• In a multidomain environment, the issue of allowing users from one domain to access the resources in another comes to the fore. Trusts are the primary mechanism for allowing such access. This objective introduces you to the creation, maintenance, and troubleshooting of trusts and the resource access issues that they solve.

Study Strategies

  • The account policy section might seem straightforward. On the exam, you might not get tripped up by the mechanics of the settings. However, you could get tripped up by the implications of them. Be sure that you have a good understanding of why certain settings are important, and when you would use them. That way, if you are given questions with seemingly incidental information about the minimum or maximum password length, you can determine whether the information provided is important to the question or just peripheral data.

  • When studying for the parts of the exam pertaining to system policy, you cannot avoid opening the policy editor and creating a policy file. You will need to know the difference between creating a policy file for Windows NT machines (NTCONFIG.POL) and for non-NT machines (CONFIG.POL) as well as the path in which to save them. You also should play with the policy editor in both Policy mode and Registry mode.

  • Because the Security Configuration Manager is new, expect a number of questions on it. You need to know the GUI as well as command-line versions and what each will do. Know at least the four main switches to use in the command-line editor. In addition, be familiar with the major sections you can modify in the GUI version and how a template becomes a database and then how you can use that database to analyze and configure a Windows NT system.

  • For the trust portion of the exam, you need to understand the terminology of trusts. This cannot be overstated. Be sure you understand which is the trusted and trusting domain in a one-way trust relationship. Be sure you understand what is meant when you are told that A trusts B. Know about the intransitivity of trust relationships. Also, know the five trust models and what the basic configuration is (users in trusted domains, resources in trusting domains).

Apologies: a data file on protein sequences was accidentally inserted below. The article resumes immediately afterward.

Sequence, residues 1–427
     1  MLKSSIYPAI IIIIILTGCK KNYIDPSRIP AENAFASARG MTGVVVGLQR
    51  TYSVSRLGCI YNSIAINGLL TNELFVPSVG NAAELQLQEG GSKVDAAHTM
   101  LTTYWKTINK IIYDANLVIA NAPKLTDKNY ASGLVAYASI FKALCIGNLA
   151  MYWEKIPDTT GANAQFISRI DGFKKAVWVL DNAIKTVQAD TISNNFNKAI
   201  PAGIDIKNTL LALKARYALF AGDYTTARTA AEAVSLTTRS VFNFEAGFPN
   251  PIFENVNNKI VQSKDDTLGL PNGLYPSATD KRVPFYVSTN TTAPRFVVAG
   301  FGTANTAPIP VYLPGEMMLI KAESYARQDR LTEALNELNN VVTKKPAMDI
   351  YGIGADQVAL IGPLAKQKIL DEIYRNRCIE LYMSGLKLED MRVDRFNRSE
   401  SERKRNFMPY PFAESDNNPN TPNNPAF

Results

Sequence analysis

As you can see by the chapter outline, this chapter covers a variety of advanced topics. The concept that binds them all together is that of security. In a secure environment, the following are true:

  • Users are asked to change their password frequently (account policy).

  • Users get access only to the system resources that they need to access (system policy).

  • Periodic checks ensure that attempts at unauthorized access to resources are discovered and corrected/prevented (auditing).

  • All servers are maintained at an identifiable standard of security (Security Configuration Manager).

  • The interaction between domains is controlled and done in a way so as not to compromise the security of either domain (trusts).

This chapter discusses all of these topics.